2. Long Valley Caldera, California, United States
Close to the Nevada state line, in east-central California, lays the 200 square mile Long Valley caldera, just south of Mono Lake. The biggest eruption that occurred here took place some 760,000 years ago and unleashed around 3,000 times more lava and other volcanic material than Mount St. Helens in 1980. The ash that ensued reached as far away as Nebraska and the ground above the magma chamber dropped by approximately one mile. What is most worrisome here is that in 1980, after a swarm of earthquakes, roughly half of the caldera had risen by about 10 inches. Ten years later, CO2 and other poisonous gases began to seep through the ground, killing off trees and other vegetation in the Mammoth Mountain part of the caldera.
What sets aside the Long Valley caldera from all others is the fact that, as volcanologists like to put it, this volcano has a split personality. By this they mean that this supervolcano can generate two distinct types of eruptions at once. The first style is a gloppy, not very explosive lava called basalt that poses little blast danger unless it contacts groundwater or snow. The other is richer in glass, called silicic magma, which tends to be more explosive in nature. The official prognosis puts an eruption on any given year at less than 1%, which is somewhat equal to the San Andreas Fault letting loose another magnitude 8 earthquake like the one that destroyed San Francisco in 1906 on any given day.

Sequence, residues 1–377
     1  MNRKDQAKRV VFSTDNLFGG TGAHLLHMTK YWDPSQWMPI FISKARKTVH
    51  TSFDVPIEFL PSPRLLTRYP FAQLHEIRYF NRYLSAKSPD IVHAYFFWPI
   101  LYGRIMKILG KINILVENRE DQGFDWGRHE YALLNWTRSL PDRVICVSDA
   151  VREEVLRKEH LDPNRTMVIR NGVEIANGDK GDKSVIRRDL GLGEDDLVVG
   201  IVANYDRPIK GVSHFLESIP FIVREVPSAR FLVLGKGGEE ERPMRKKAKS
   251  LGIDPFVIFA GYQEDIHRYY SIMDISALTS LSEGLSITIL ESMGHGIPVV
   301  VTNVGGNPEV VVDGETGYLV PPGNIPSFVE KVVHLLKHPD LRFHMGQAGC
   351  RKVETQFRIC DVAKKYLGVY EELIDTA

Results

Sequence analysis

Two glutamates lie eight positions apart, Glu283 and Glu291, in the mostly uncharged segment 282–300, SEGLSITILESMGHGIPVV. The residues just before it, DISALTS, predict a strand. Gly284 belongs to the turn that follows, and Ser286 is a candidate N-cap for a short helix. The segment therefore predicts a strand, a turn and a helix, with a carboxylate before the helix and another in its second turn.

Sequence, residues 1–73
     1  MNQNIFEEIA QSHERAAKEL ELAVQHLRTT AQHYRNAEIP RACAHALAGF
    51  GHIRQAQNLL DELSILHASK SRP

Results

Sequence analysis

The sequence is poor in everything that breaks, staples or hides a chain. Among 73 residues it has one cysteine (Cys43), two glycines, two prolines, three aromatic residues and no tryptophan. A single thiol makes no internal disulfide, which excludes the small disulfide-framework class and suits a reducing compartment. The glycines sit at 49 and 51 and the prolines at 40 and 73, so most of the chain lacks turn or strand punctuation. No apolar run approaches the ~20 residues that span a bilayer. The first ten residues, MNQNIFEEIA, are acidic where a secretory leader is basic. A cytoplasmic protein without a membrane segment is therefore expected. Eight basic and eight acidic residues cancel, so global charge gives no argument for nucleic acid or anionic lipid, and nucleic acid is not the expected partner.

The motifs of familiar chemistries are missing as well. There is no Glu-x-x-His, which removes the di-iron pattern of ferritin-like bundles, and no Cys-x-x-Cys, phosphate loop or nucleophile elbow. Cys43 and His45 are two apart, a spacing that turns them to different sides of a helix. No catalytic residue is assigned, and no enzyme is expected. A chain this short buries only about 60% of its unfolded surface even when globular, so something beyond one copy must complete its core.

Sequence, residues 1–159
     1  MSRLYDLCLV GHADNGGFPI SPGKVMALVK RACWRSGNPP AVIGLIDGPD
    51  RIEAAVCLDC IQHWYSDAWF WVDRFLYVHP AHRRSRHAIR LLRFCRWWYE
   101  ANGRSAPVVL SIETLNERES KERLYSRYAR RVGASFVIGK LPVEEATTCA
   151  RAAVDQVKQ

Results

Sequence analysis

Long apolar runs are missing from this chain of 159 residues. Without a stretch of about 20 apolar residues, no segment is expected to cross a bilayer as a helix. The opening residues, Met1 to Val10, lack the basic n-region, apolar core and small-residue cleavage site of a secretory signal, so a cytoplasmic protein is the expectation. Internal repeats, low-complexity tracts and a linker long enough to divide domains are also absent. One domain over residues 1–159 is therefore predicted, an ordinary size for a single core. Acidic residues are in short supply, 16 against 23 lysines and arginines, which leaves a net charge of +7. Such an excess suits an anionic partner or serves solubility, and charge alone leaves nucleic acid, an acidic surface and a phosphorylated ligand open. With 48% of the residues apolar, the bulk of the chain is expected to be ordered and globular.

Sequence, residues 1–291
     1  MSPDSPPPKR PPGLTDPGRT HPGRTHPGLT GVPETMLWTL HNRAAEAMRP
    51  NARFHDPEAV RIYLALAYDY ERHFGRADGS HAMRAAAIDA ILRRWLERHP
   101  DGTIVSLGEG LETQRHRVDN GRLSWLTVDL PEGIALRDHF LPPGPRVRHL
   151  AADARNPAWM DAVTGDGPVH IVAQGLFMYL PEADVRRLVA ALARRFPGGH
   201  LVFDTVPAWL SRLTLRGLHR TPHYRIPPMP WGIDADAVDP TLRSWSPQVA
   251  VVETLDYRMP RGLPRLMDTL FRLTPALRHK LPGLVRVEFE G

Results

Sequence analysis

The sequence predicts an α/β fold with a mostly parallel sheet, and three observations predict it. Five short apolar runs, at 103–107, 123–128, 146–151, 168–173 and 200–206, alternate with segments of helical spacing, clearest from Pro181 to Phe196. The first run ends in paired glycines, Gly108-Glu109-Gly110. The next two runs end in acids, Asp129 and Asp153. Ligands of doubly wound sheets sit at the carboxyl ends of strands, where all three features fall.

1. Yellowstone Caldera, Wyoming, United States
Unbeknownst to many tourists who visit Yellowstone National Park in Wyoming is the fact that they are actually walking on probably humanity’s biggest natural threat. Several miles beneath their feet lies the largest pocket of magma we currently know about. It is estimated that there’s enough magma in there to fill the Grand Canyon to the brim, eleven times over. The entire national park and the surrounding area form the huge caldera. The caldera is about 1,500 square miles and can fit the entire city of Tokyo in its perimeter.